Computer system 300 may be coupled via bus 302 to a display 312 for displaying information to a computer user. An input device 314, including alphanumeric and other keys, is coupled to bus 302 for communicating information and command selections to processor 304. Another type of user input device is cursor control 316, such as a mouse, a trackball, or cursor direction keys for communicating direction information and command selections to processor 304 and for controlling cursor movement on display 312. This input device typically has two degrees of freedom in two axes, a first axis (e.g., x) and a second axis (e.g., y), that allows the device to specify positions in a plane.

In computer system 300, bus 302 may be any mechanism and/or medium that enables information, data, etc., to be exchanged between the various components. For example, bus 302 may be a set of conductors that carries electrical signals. Bus 302 may further be a network connection that connects one or more of the components. Any mechanism and/or medium that enables information, data, etc., to be exchanged between the various components may be used as bus 302.

The invention is related to the use of computer system 300 for implementing the techniques described herein. According to one embodiment of the invention, those techniques are performed by computer system 300 in response to processor 304 executing one or more sequences of one or more instructions contained in main memory 306. Such instructions may be read into main memory 306 from another machine-readable medium, such as storage device 310. Execution of the sequences of instructions contained in main memory 306 causes processor 304 to perform the process steps described herein. In alternative embodiments, hard-wired circuitry may be used in place of or in combination with software instructions to implement the invention. Thus, embodiments of the invention are not limited to any specific combination of hardware circuitry and software.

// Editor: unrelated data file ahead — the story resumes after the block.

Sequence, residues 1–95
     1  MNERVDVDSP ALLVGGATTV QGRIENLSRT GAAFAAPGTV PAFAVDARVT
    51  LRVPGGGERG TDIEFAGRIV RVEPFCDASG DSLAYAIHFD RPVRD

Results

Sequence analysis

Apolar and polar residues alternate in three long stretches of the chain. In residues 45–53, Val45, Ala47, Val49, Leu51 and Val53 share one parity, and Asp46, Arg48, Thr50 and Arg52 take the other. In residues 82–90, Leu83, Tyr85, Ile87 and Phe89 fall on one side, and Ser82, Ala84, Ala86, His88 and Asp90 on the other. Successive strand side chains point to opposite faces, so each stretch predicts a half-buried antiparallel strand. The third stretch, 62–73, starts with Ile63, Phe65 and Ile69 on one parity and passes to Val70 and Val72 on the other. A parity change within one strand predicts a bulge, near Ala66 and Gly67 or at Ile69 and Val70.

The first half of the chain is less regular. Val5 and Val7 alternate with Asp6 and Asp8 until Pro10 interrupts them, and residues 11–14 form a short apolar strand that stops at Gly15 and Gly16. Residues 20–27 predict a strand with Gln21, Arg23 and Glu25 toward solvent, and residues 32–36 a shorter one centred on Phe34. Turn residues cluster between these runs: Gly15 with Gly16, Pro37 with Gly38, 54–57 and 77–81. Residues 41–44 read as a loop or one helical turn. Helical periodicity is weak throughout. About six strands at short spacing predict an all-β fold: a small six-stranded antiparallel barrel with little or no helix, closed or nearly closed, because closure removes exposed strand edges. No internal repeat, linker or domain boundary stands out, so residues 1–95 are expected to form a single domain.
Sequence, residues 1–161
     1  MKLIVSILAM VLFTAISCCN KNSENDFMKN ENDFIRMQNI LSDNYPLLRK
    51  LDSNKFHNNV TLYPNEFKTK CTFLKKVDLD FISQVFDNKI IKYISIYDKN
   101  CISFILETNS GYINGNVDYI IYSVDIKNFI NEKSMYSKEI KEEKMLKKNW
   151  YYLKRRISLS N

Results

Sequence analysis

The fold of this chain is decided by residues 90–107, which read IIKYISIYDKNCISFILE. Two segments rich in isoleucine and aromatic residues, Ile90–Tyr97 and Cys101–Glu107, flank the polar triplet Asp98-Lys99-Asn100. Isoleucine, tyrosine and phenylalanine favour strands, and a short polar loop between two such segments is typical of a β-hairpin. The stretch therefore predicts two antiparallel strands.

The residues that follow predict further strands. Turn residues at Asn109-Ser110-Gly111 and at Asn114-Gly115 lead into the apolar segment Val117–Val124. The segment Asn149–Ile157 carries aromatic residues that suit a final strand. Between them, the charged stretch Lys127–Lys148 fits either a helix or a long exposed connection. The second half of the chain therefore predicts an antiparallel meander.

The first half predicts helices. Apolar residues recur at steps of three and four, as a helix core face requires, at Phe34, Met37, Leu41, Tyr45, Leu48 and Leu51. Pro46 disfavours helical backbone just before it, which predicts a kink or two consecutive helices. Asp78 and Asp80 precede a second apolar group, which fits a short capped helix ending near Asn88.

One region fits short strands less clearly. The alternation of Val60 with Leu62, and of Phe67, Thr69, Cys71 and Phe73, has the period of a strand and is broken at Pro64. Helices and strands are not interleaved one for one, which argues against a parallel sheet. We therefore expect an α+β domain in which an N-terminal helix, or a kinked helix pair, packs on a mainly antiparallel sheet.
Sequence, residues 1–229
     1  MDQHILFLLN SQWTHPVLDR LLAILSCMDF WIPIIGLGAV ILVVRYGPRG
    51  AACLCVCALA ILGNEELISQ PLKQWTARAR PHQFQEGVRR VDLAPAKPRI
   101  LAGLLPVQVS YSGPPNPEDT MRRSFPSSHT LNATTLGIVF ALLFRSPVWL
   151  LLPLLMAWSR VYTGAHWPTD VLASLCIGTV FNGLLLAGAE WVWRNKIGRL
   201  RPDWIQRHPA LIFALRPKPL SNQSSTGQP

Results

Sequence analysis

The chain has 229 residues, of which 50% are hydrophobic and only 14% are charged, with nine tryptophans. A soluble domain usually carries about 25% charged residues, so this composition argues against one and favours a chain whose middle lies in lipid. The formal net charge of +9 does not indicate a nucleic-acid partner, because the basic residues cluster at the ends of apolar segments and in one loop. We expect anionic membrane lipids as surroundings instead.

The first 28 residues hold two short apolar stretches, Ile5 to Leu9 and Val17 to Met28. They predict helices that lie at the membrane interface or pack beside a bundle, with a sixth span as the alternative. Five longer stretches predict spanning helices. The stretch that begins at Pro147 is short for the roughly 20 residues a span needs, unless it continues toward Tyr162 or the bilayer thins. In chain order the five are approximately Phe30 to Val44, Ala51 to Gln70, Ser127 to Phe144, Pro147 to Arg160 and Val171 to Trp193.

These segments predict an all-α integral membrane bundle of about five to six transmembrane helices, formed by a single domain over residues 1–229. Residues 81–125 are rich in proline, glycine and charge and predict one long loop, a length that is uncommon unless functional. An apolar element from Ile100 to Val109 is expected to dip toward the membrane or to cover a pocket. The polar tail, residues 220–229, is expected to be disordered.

The term “non-transitory machine-readable medium” as used herein refers to any medium that participates in providing data that causes a machine to operation in a specific fashion. In an embodiment implemented using computer system 300, various non-transitory machine-readable media are involved, for example, in providing instructions to processor 304 for execution. Such a medium may take many forms, including but not limited to, non-volatile media, and volatile media. Non-volatile media includes, for example, optical or magnetic disks, such as storage device 310. Volatile media includes dynamic memory, such as main memory 306.